It’s also possible that since there has never been a worlds, that has hurt the “seriousness” of the class or development of the platforms. It’s also important to mention that stadium truck and truggies started out as being called Monster Trucks and over time morphed into different classes. When they were called Monster Trucks, the entrance into those classes was higher than when the classes were renamed at a later date.
It might be difficult to accept but perhaps, there will be a time that buggies are what we race and trucks are what we bash or enter into R/C with. Popularity can also come from the simple fact that, people like to choose classes depending on what they think is “winnable” or a class they can sand bag into. Truggy and SCT definitely were classes that early on, where the classes drivers could step-down into and have success which injected the classes with fresh competition.
What we also have to remember is, there was a time that 1/10th stadium trucks were great beginner trucks, entry level or fun vehicles. As time as gone by, there are vehicles that suit those applications better and the stadium truck vehicles aren’t sold as “fun” vehicles any longer. It’s much more niche that it ever has been.
- Stadium truck probably had the most success, it’s the class that got me hooked into racing in 1991 and I think it peaked around 1995-1997. The 1991-1993 battle for the ultimate stadium truck between Team Losi and Team Associated was fascinating. This really helped the interest of the class and as developments were being made, the class grew and the results were important. The original Stadium Truck, the JRX-T was originally marketed as a Monster Truck.
- Truggy was huge during the early 2000’s as the class went from Monster Trucks to basically big 1/8th buggies. I believe around 2003-2007 was the peak years for truggy and manufacturers were developing the trucks alongside new buggy platforms. Now, the truggies have taken a backseat in development and marketing due to their lower sales numbers and cost of competition. Costs to compete in truggy are higher in terms of the “buy in” to build and operate and probably take some thunder away from this class. The increased interest in E-buggy have probably hurt the truggy class because it’s simply easier to build, operate, share parts and gives you a number of classes to compete in. Of all the truck racing, this is easily by favorite to watch at a large event. The truggies can do just about anything and there is usually a little more competitive balance in the top 5 because they are easier to drive and more drivers can hang around for extended mains. There is a wow factor in this class that stadium truck and SCT just do not have.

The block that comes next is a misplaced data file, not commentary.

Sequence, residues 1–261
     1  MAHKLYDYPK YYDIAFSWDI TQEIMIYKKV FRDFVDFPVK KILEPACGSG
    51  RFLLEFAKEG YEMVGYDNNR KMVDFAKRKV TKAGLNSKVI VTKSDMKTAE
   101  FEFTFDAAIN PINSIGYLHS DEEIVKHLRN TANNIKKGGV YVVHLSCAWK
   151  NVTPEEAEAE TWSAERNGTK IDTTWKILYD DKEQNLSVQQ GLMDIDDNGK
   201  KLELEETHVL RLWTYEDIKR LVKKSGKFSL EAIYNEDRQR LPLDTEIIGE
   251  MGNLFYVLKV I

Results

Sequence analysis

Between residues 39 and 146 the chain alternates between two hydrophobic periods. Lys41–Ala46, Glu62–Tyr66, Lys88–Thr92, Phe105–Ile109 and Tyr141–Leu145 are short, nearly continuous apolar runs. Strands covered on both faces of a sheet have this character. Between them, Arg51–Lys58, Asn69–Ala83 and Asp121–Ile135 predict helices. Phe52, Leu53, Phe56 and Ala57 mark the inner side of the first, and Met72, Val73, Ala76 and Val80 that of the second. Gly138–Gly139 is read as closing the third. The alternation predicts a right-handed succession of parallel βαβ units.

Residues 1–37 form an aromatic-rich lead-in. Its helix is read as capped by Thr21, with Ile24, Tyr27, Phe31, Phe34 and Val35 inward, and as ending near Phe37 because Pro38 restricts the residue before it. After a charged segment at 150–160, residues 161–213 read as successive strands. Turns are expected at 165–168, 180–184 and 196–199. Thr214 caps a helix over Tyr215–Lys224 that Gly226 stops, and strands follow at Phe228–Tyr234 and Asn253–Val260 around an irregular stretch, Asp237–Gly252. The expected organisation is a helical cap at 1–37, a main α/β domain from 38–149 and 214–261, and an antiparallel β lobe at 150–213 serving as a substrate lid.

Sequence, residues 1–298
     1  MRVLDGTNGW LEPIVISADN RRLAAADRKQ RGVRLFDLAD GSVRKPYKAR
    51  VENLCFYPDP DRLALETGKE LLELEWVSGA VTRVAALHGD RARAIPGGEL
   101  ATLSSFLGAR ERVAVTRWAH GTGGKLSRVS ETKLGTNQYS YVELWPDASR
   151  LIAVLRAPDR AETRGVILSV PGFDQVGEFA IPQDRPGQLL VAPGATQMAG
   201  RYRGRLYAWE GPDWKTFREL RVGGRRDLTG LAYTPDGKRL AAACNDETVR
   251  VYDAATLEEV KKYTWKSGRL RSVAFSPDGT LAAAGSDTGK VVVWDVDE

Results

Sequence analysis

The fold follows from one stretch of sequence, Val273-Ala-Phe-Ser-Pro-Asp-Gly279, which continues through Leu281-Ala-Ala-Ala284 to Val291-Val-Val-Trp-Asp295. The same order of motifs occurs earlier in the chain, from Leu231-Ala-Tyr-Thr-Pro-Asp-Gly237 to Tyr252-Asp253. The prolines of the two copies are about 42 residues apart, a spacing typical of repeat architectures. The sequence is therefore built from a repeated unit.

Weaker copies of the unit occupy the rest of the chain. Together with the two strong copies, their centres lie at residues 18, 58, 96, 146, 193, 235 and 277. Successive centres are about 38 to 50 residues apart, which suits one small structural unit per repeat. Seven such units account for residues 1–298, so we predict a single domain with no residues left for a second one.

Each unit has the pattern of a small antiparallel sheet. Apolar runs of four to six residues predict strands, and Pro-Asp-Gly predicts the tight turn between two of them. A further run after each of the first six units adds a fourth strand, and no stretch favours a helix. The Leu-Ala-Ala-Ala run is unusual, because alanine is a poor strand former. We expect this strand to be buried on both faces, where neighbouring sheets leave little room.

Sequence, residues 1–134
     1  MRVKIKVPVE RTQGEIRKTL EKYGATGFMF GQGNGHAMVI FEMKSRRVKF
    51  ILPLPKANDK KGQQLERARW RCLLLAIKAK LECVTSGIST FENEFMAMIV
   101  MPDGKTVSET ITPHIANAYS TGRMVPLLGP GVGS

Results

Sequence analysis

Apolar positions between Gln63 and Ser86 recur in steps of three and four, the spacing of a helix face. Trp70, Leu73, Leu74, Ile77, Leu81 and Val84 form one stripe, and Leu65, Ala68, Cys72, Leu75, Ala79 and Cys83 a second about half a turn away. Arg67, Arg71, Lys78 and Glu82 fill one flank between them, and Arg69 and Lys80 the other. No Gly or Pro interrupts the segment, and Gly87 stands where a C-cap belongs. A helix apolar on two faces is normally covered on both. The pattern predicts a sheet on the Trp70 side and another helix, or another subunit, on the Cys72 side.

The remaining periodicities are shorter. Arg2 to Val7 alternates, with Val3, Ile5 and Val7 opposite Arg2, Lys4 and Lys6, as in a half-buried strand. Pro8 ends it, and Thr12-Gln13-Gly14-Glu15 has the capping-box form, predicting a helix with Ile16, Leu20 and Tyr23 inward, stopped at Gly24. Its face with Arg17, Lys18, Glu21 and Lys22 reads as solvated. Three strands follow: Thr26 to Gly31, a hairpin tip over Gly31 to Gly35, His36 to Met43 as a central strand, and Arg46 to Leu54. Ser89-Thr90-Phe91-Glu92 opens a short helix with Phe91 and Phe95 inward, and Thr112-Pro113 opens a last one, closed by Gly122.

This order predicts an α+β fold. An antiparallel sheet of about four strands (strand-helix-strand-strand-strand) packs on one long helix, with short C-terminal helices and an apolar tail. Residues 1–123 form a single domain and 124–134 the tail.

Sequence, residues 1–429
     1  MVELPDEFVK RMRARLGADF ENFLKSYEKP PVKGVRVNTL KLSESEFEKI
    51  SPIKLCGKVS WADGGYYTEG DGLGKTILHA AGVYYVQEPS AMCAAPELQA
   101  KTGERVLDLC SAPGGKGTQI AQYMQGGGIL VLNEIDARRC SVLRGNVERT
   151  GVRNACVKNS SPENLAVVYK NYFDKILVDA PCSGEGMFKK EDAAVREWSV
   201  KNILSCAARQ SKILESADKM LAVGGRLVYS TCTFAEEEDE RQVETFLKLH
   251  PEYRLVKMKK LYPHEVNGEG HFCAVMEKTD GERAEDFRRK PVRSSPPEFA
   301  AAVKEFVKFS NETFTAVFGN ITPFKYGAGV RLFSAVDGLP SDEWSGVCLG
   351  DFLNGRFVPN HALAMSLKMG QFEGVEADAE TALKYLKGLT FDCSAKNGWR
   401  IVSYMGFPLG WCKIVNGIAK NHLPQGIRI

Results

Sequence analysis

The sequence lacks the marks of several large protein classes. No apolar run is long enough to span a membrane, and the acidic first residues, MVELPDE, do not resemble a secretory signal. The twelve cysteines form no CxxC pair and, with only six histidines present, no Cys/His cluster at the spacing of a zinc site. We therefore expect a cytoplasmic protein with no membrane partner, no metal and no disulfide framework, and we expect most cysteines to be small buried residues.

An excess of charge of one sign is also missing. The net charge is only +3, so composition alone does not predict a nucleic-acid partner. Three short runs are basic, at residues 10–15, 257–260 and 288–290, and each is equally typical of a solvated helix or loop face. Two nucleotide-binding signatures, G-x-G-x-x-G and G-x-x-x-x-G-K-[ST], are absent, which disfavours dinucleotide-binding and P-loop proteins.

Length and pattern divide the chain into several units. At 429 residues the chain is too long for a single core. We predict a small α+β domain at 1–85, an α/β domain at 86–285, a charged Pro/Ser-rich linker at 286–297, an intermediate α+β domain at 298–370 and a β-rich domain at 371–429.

- SCT had a great run as a racing class. The peak was around 2010-2013 where everything was about SCT. We had great industry affiliations, licensing agreements and we had a vehicle that looked like a 1:1 racing class. Unfortunately, I think the boom of SCT busted once the better drivers moved into those classes and ruined the “entry level” appeal of it. Also, as scale looks got thrown out the window, the appeal for newbies turning into racers started to disappear. Once the guys that stuck around purchased buggies, they realized they were easier to drive and actually the better racing vehicles and probably the most affordable.
Chuck Kleinhagen: When I opened Fastlane in 2008, Stadium Truck was more or less already in decline and Short Course Trucks were just entering the scene. SC trucks quickly became popular because the Traxxas Slash provided a low cost, convenient way to get people started racing. Plus the trucks were cool and full size SC racing was reaching it's peak. But those with a serious interest in racing quickly moved past the Slash into open Short Course. These open SC's performed better while still capturing the look of the full size SC race trucks. But motor power in the Open class quickly overwhelmed the chassis and Open SC trucks on most indoor tracks became unguided missiles. The banging and rubbing was fun for a while but a lot of racers tired of the contact.
What is needed to bring the truck classes back to life?
Adam Drake: We would need the support of at least 2-3 manufactures to bring gas truck back to life. I feel gas truck would help nitro racing in general because it allows racers to get their feet wet in nitro at a lower cost.
Jason Ruona: We need to decide which truck classes are the racing classes and which ones are the entry level, bashers and thrashers.
Better designs. The designs are very stale and the stadium trucks just do not look as racy or cool as we could make them given a larger budget to re-engineer the trucks.